Contactless payments or ‘wave and pay’ are made from the card to the card terminal without a PIN needing to be entered. The contacless card is simply waved near the terminal and the payment is made. Contactless payments are meant for small purchases for example where the total is below £15 and offer a very convenient option for customers.
The technology used is near field communication (NCF) which allows the card data to be transferred at short distance (typically 4cm) through a form of radio communication. There are currently 20 million contactless cards in circulation in the UK and this number is set to increase following successful trials.
in 2012 major retailers like ASDA and the Co-operative are trialling the systems in store. Transport for London are currently introducing contactless payments on buses, trains and the underground.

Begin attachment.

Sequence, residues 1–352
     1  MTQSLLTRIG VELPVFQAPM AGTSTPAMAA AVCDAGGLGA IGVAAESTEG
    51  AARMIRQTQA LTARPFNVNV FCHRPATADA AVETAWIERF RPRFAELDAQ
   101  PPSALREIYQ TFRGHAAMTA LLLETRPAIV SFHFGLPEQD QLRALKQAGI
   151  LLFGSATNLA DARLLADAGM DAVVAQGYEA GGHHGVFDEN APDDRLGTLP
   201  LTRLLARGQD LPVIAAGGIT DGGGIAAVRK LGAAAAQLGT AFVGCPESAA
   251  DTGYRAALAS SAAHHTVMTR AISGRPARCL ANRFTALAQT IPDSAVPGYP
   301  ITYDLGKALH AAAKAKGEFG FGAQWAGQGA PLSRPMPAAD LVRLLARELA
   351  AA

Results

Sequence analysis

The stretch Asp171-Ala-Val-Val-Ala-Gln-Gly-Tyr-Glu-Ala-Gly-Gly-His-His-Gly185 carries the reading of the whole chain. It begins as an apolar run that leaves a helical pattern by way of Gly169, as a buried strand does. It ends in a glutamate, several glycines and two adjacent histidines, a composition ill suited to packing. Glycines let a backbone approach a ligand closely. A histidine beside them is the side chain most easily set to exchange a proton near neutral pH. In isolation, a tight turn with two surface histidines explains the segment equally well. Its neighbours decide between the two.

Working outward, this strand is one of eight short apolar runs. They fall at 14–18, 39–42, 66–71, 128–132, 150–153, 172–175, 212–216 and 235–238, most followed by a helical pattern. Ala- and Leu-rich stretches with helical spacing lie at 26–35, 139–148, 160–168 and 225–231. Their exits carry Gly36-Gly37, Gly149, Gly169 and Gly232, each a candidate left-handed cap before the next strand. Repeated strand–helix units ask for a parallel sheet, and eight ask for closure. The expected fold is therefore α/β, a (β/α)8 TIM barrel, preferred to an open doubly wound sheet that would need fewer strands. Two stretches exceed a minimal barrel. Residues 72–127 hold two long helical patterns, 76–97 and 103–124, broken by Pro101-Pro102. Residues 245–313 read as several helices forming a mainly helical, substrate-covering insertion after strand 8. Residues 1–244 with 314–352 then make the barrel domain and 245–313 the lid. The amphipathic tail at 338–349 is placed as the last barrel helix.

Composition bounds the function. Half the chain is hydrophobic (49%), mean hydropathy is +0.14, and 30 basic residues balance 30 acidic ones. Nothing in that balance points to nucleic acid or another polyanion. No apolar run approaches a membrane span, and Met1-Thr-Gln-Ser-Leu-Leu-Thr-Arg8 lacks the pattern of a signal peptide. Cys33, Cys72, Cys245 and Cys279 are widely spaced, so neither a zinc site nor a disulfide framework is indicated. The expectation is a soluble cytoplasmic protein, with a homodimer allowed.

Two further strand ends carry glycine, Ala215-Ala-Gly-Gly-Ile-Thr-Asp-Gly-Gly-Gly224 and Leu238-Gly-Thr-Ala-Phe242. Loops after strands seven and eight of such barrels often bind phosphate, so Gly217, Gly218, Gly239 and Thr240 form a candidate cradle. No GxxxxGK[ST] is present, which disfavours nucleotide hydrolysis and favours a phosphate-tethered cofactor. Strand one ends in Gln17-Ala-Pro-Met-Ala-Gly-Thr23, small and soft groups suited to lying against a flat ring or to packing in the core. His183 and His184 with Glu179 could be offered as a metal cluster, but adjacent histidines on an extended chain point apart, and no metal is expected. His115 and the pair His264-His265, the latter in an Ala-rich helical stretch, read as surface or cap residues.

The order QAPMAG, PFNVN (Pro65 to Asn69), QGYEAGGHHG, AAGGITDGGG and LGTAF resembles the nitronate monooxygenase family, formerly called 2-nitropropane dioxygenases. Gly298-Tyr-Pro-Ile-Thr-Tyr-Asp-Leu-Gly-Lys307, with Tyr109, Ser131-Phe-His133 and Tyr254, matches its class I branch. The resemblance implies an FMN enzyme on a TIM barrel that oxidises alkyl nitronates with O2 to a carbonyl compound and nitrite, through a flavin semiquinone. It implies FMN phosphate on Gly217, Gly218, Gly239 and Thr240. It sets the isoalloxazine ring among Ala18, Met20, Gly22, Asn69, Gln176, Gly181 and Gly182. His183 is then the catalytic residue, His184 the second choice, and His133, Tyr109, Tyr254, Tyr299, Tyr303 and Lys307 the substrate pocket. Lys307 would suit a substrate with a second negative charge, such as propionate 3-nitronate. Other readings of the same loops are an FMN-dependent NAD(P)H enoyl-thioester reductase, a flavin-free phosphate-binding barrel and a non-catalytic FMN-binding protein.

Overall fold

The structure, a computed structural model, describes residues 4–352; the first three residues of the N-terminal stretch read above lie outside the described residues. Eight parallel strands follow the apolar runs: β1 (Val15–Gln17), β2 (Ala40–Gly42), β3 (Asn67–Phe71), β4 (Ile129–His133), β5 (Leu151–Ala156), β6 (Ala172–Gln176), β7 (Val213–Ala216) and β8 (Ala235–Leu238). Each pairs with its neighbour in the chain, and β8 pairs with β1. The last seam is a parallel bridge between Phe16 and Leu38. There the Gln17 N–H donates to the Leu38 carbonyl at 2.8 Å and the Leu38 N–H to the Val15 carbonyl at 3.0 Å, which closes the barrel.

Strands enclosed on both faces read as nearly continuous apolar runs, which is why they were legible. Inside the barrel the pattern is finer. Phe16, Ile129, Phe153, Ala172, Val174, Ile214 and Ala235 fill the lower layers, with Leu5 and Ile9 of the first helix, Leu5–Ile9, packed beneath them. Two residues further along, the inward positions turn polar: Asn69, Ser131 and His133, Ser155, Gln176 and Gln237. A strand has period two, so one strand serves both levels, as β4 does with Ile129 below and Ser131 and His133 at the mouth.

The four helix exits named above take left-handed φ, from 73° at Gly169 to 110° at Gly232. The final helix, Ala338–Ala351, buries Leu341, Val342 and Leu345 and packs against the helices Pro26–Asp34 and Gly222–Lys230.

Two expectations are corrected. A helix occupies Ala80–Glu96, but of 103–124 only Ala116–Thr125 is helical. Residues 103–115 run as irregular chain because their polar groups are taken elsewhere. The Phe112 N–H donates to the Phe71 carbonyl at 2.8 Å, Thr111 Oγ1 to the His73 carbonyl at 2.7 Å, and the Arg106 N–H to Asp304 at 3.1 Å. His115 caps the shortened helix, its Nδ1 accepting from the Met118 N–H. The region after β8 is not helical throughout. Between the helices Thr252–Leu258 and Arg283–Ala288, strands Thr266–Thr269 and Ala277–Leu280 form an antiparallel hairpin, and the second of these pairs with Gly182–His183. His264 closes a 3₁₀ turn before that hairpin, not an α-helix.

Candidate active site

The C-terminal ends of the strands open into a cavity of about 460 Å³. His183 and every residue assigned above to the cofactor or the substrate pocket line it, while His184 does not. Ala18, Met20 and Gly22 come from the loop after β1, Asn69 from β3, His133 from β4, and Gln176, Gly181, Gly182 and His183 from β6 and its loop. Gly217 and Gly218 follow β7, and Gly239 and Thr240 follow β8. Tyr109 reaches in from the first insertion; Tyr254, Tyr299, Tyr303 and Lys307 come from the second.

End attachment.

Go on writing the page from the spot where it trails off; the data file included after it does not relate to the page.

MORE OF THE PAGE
The advantage for both customers and retailers is the speed of the transaction which is the fastest form of payment currently available, faster than cash. There have been some security concerns regarding accessing data on the cards illegitimately with thieves able to access card data from handheld card readers. However, measures have been taken to increase card security.
As well as contactless cards mobile payments have also recently entered the market. Providers such as Google Wallet and ISIS have enabled mobile phones to be used to make payments. Mobile payments work in the same way as contactless cards, using NCF to transmit data to payment terminals. The phone does need to have the right technology and NCF is only available on a limited number of handsets at present though this is set to increase.
In Germany contactless “girogo” cards can be used for payments of €20 or less.
Contactless cards will soon be available in France. In Jan 2012 French retail banking group Credit Agricole announced a programme to roll out contactless cards. Transactions under €20 can be contactless, for anything over €20 a PIN will be required.
Contactless payments are being trialled in Dublin.